26 July 2005
Big Bang Produced A "Perfect Fluid"
by Kate Melville
An unexpected discovery may see physicists heading back to the drawing board in order to update models representing the Universe immediately after the Big Bang. In an experiment not previously possible, physicists have created the state of matter thought to have filled the Universe just a few microseconds after the Big Bang. To their astonishment, physicists found that instead of a gas, the substance was more like a liquid. Understanding why it is a liquid should take physicists a step closer to explaining the earliest moments of our Universe.
The liquid is said to exhibit characteristics like nothing else physicists have observed before, and its collective movement is rather like the way a school of fish swims "as one". In fact, physicists' tentative calculations suggest that its extraordinarily low viscosity makes it the most perfect fluid ever created.
The new state of matter was forged in the Relativistic Heavy Ion Collider, situated at the Brookhaven National Laboratory. Colliding the central cores of gold atoms together, head-on at almost the speed of light, the researchers created a fleeting, microscopic version of the Universe a few microseconds after the Big Bang. This included achieving a temperature of several million million degrees (about 150,000 times the temperature at the center of the Sun). They then detected and analyzed the explosive rush of particles that this miniature Big Bang created. Researchers had confidently believed that they would observe something like "steam", made up of free quarks and gluons, but instead the researchers saw evidence of collective movement as the hot matter flowed out of the collision site. This indicated stronger interactions between the particles than expected, leading to the belief that the quark-gluon plasma is similar to a liquid.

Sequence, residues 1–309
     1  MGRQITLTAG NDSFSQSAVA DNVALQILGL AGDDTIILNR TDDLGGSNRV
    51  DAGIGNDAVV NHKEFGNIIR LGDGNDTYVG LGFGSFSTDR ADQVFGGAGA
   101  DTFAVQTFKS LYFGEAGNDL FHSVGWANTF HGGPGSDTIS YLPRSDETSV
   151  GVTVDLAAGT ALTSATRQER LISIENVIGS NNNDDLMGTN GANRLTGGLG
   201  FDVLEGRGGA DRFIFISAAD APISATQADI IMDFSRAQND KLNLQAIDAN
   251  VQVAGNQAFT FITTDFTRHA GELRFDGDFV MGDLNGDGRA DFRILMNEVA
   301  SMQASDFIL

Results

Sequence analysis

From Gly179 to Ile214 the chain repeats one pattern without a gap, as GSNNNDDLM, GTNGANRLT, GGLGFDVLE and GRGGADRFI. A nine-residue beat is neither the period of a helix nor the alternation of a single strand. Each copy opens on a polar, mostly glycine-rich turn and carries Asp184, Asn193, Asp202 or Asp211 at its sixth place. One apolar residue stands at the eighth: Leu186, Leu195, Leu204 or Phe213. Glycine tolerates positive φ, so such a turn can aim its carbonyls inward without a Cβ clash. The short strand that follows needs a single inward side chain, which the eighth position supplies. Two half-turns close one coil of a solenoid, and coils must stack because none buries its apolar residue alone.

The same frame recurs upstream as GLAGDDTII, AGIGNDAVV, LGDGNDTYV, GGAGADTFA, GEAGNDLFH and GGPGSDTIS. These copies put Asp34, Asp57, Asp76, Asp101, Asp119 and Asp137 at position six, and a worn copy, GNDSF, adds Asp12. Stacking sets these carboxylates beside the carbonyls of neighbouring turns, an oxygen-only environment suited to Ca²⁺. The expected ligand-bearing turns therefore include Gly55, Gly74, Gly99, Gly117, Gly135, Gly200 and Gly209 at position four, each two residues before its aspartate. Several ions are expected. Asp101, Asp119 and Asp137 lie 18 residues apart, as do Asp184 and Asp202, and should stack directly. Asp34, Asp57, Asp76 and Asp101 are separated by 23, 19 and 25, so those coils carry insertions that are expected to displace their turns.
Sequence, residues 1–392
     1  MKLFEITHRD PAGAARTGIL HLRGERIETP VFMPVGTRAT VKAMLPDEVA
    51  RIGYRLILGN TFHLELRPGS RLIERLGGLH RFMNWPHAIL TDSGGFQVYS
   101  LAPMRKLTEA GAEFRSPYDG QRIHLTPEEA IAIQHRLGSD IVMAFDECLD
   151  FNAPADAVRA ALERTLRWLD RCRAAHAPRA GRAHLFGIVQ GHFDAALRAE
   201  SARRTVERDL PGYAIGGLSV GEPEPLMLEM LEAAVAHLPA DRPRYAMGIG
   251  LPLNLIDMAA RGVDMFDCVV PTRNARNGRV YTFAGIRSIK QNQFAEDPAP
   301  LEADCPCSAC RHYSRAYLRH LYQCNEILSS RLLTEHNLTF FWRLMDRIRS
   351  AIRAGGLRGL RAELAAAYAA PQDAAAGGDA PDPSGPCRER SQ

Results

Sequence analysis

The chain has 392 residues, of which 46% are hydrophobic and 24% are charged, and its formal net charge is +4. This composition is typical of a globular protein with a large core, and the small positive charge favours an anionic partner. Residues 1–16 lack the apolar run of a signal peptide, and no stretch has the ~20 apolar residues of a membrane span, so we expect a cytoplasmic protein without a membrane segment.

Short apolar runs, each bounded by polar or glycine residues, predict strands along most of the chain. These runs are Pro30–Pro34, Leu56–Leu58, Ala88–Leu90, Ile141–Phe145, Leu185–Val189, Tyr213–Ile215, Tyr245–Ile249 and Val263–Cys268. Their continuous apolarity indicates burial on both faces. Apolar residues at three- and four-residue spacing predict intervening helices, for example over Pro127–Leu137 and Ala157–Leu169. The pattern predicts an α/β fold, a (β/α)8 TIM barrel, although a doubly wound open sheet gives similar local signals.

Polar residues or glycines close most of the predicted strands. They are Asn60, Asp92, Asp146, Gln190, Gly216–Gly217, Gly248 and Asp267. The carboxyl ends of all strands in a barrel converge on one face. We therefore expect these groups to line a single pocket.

This latest development is much more unusual than anyone expected. "No one predicted that it would be a liquid," said Professor John Nelson from the University of Birmingham, who heads the British involvement in the multinational experiment. "This aspect was totally unexpected and will lead to new scientific research regarding the properties of matter at extremes of temperature and density, previously inaccessible in a laboratory."
The liquid defies physicists' current understanding of how matter in the universe behaved microseconds after the Big Bang. According to previous models there should be no evidence of matter - as we know it - in existence mere microseconds after the big bang, because the extreme temperatures generated would have been far to high for any matter to exist. There is a suggestion that certain versions of string theory may be able to explain the liquid behavior of the quark-gluon plasma. Professor Nelson expects that progress will be made during the forthcoming Quark Matter 2005 conference in Budapest. "Although these findings did not fit with expectations, the theories are slowly coming into line. Hearing the theoretical developments is going to be the high point of the conference," said Nelson.
Pic courtesy of Brookhaven National Laboratory